Dutch ASML’s extreme ultraviolet ray lithography machine is a critical building block in the unfolding US-triggered Chip War. It’s perceived that without this ASML machine, China cannot manufacture sub-10nm microchips. Surprisingly, ASML’s magical EUV lithography machine faces a Canon nanoimprint lithography disruption threat.
Over 20 years, ASML invested over $10 billion to release the first EUV lithography machine in 2019. Subsequently, ASML got ahead of industry leaders Japanese Canon and Nikon. Surprisingly, within four years, ASML’s twenty-year-long R&D success of emerging as the monopoly in the sub-10nm segment of semiconductors faces nanoimprint lithography disruption. Should we be surprised?
According to Innovation Principle number six, the emergence of successive reinvention waves is an integral behavior of innovation dynamics. Hence, launching Canon’s FPA-1200NZ2C nanoimprint semiconductor manufacturing equipment is a natural outcome. It’s a reinvention of lithography machines because Canon has replaced the technology core of printing microchip design on the wafer.
Conventional lithography machines, including ASML’s EUV one, optically project circuit patterns onto the photoresist-coated wafer. In reinventing the lithography machine, Canon has changed this 70-year-old optical projection technology core. Instead of projection, Canon has developed a stamping-like technology core. This alternative technology imprints the circuit pattern on the resist on the wafer by pressing a mask, like a stamp. Due to the removal of optical projection, Canon claims that this imprint technique more faithfully reproduces the circuit pattern on the wafer. It also claims it can form complex two- or three-dimensional circuit patterns in a single imprint. Besides, it does not require a highly complex, power-hungry light source and optical assembly. Hence, Canon nanoimprint lithography machine’s upfront price and operating cost will be far less than ASML’s EUV machine. Does it mean the nanoimprint lithography (NIL) disruption threat is real?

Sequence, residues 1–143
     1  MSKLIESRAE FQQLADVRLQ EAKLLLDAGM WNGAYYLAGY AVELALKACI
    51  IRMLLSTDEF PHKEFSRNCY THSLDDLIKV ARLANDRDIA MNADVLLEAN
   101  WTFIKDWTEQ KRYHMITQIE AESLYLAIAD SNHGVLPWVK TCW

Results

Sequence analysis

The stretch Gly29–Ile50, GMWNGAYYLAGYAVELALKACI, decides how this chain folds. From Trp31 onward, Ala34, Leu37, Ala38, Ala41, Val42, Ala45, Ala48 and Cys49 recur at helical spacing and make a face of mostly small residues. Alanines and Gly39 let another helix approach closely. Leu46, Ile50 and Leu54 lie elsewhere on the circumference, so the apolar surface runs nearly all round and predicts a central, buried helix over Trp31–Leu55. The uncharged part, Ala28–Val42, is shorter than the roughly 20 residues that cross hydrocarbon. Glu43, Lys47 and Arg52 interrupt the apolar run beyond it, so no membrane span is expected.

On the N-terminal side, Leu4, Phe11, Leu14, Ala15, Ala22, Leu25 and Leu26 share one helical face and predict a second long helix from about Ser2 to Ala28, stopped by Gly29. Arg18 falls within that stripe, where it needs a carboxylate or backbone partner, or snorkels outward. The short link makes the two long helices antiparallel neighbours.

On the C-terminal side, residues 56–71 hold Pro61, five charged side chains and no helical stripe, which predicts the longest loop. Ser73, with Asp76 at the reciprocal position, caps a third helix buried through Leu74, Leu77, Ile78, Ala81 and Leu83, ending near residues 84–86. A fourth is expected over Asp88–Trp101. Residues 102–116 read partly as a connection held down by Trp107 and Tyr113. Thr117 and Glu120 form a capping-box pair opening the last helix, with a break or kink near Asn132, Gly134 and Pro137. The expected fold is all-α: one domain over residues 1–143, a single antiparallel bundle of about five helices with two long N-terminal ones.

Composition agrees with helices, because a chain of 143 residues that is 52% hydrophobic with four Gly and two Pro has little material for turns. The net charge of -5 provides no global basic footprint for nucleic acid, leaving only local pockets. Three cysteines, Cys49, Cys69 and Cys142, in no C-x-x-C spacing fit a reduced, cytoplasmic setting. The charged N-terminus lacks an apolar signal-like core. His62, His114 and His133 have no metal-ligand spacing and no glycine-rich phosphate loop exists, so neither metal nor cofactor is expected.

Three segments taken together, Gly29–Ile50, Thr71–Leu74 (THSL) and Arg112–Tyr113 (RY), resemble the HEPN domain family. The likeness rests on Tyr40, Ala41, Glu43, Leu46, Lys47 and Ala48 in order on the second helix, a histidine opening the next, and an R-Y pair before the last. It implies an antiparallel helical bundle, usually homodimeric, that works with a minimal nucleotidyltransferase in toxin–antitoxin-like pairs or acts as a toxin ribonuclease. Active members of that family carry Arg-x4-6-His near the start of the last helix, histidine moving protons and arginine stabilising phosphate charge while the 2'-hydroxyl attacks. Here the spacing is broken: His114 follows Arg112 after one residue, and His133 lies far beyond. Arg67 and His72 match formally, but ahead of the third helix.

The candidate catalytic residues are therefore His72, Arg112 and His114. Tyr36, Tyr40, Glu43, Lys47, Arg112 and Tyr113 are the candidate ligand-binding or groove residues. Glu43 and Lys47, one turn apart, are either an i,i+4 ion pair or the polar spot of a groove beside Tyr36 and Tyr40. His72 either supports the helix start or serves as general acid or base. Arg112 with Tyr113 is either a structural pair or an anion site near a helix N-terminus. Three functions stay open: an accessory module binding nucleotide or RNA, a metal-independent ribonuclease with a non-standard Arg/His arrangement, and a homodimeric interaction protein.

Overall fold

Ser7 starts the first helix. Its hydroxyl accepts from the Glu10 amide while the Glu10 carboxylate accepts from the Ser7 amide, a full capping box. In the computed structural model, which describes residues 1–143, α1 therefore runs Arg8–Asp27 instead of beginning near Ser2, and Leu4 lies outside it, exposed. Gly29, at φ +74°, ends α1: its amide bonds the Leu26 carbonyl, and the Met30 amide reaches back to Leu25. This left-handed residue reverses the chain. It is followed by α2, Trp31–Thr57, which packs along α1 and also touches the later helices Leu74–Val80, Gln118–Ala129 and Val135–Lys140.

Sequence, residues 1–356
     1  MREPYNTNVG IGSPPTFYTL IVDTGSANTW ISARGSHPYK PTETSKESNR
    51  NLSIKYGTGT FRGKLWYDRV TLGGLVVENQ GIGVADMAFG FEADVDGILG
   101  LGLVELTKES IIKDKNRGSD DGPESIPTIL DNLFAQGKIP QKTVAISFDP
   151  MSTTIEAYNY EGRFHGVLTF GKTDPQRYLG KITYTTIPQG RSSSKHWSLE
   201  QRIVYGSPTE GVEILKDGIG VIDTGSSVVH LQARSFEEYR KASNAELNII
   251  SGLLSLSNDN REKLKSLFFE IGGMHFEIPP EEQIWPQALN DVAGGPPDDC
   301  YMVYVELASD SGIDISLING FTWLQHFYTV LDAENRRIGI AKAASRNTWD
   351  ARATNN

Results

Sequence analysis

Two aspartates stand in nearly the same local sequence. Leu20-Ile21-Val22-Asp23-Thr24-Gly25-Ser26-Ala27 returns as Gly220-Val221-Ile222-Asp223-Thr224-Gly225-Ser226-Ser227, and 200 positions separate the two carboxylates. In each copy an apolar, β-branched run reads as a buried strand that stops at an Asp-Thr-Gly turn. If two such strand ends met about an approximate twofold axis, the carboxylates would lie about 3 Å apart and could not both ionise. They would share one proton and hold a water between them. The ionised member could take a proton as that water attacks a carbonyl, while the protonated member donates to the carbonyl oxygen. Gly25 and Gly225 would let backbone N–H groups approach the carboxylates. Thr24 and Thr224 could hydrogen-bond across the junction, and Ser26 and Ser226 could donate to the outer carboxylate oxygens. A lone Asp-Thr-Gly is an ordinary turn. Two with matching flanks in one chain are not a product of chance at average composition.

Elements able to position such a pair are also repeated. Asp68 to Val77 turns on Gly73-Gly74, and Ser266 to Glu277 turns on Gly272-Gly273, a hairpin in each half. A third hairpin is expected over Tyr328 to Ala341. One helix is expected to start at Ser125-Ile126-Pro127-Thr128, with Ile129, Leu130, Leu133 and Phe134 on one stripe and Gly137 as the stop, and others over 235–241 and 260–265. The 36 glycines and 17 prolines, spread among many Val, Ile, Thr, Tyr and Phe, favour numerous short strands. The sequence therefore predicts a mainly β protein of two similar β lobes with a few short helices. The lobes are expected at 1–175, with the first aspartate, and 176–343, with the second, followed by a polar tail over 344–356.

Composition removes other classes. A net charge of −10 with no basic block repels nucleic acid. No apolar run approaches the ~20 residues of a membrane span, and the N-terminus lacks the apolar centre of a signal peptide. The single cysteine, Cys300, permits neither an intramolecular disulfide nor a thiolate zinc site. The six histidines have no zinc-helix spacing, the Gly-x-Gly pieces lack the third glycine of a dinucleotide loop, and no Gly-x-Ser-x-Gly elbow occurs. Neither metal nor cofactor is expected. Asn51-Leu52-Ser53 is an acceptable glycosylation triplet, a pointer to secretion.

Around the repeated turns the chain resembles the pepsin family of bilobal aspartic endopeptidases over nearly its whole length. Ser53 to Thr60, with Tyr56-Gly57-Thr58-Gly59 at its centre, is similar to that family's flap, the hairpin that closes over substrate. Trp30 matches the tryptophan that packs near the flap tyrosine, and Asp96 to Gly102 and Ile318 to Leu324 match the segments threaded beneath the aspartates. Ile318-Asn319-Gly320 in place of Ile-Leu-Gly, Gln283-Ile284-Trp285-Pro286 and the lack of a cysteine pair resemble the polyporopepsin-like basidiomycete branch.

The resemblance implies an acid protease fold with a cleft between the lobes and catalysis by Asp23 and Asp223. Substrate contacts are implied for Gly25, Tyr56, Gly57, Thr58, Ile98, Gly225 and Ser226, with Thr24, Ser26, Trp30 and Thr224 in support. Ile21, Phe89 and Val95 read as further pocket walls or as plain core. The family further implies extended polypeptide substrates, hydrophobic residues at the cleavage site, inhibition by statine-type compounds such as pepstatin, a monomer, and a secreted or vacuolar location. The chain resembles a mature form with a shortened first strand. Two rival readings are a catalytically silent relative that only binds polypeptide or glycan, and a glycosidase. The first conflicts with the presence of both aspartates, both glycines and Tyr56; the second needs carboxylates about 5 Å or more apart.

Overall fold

- Japanese companies Canon and Nikon used to have a duopoly in the semiconductor lithography market in the late 1990s. However, due to EUV lithography, ASML emerged as the monopoly in the high-end chip-making lithography market.
- Canon is seeking to capture market share in high-end chip making by positioning the NIL as a simpler and more attainable alternative to the leading-edge ASML’s EUV tools of today.
- With a claim that NIL can imprint 5nm and 2nm chips at far less cost, Canon has challenged ASML’s monopoly in high-end chip making by releasing NIL machine.
- Canon’s unfolding attack of breaking ASML’s grip on chipmaking tools, leading to the supply chain disruption for cutting-edge chips, is intriguing.
Review of lithography evolution
Lithography refers to transferring highly complex circuit patterns of microchips onto a silicon substrate known as a wafer. Upon the invention of the integrated circuit in 1959, it started as an optical procedure. To begin with, circuit patterns are printed on a transparent thin film known as a photomask. Light is guided through the photomask for projecting the printed circuit patterns on a photo-resist coated wafer. How small the feature could be printed depends on two major factors: (i) the wavelength of the light source and (ii) the numeric aperture of the optical system, comprising of lenses and mirrors, for guidance and projection. According to Rayleigh’s equation, the third factor is the quality of the photoresist. Hence, to improve the resolution, the focus has been on changing the light source towards decreasing wavelength, increasing the optical system’s numerical aperture, and improving the photoresist quality.
In the 1960s, American companies were leading the development of photolithography machines. However, by the late 1960s and the early 1970s, Japanese companies, notably Nikon and Canon, with expertise in optics, entered the photolithography market. While American companies were dying in the 1980s, Dutch ASML entered the race in 1984. However, ASML was an insignificant player compared to Nikon and Canon. Hence, by the early 1990s, Canon and Nikon became a duopoly in the photolithography semiconductor equipment market.